## Primality test in Haskell

**Problem:** Implement a primality test in Haskell. Below is the code. The first implementation of the function divides uses a homemade function for finding the remainder when an integer is divided by another integer.

-- The remainder when a is divided by b. remainder :: Integer -> Integer -> Integer remainder a b | a < b = a | a == b = 0 | otherwise = remainder (a - b) b -- Whether d divides n. divides :: Integer -> Integer -> Bool divides d n = remainder n d == 0

The second implementation of divides uses the built-in function rem to find the remainder upon division by an integer.

-- Whether d divides n. A more efficient version that uses the built-in -- function rem. divides :: Integer -> Integer -> Bool divides d n = rem n d == 0

The full primality test follows:

-- Whether d divides n. A more efficient version that uses the built-in -- function rem. divides :: Integer -> Integer -> Bool divides d n = rem n d == 0 -- The least divisor of n that is at least k. ldf :: Integer -> Integer -> Integer ldf k n | divides k n = k | k^2 > n = n | otherwise = ldf (k + 1) n -- The least divisor of n. ld :: Integer -> Integer ld n = ldf 2 n -- Primality test. prime :: Integer -> Bool prime n | n < 1 = error "must be a positive integer" | n == 1 = False | otherwise = ld n == n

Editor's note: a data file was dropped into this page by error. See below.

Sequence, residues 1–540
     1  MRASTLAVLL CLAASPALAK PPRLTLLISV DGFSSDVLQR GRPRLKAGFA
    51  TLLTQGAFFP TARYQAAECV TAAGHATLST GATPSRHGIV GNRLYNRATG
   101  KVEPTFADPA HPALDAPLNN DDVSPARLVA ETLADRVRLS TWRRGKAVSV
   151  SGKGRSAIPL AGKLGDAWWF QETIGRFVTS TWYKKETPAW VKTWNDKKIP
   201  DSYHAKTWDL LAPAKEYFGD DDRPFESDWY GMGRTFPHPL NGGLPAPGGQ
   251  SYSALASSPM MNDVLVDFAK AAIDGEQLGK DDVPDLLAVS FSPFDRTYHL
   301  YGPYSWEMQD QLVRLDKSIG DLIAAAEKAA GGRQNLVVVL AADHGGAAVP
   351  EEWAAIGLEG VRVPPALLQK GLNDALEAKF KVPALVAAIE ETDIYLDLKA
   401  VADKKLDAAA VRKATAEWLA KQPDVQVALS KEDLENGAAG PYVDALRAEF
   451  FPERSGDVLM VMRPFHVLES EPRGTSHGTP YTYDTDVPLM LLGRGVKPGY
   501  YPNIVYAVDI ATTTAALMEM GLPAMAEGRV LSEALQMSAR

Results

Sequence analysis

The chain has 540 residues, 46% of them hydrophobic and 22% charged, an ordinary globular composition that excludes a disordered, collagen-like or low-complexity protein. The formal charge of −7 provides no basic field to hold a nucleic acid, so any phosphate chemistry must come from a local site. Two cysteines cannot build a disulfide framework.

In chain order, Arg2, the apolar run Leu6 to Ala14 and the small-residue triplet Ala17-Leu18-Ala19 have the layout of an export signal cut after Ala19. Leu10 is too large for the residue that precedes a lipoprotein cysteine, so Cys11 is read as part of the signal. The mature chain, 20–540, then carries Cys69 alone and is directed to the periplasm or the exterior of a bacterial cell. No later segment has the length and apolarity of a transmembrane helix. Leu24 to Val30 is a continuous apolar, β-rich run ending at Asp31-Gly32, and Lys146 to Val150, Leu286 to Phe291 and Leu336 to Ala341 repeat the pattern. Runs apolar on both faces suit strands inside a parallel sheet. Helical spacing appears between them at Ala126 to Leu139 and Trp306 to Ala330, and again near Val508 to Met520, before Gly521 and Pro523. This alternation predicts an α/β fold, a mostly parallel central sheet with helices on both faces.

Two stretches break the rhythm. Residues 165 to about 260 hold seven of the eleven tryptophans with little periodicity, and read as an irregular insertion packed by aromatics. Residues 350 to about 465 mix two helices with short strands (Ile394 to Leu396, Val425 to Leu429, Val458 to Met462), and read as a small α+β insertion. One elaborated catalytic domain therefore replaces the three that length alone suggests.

## Haskell snippet

Just some snippet of Haskell code today to return the last but one element of a list. The first implementation uses the built-in functions `last`

and `take`

.

-- Return the last but one element of a list. This implementation uses -- last and take. penlast :: [a] -> a penlast xs = if null xs || length xs <= 2 then head xs else last (take ((length xs) - 1) xs)

The second implementation below uses the built-in functions `head`

and `drop`

.

-- Return the penultimate element of a list. This implementation uses -- head and drop. penhead :: [a] -> a penhead xs = if null xs || length xs <= 2 then head xs else head (drop ((length xs) - 2) xs)

## Haskell mode spews junk on first load

I’m using Haskell mode version 2.8.0 with Emacs 23.1.1 under Ubuntu 10.04.1 LTS. After loading a Haskell file, I would get the following garbage:

#[nil "\300C\207" [t] 2]

Here’s what it looks like:

Acting on a tip from the ArchLinux community, I grep’d through all the Emacs Lisp files in the source distribution of Haskell mode 2.8.0 and found that the garbage in question is output by the following function in haskell-mode.el:

(eval-when-compile ;; Emacs 21 defines `values' as a (run-time) alias for list. ;; Don't maerge this with the pervious clause. (if (string-match "values" (pp (byte-compile (lambda () (values t))))) (defsubst values (&rest values) values)))

The culprit is the line

(pp (byte-compile (lambda () (values t)))))

I commented out that whole function and the junk is no longer seen when I first load a Haskell file.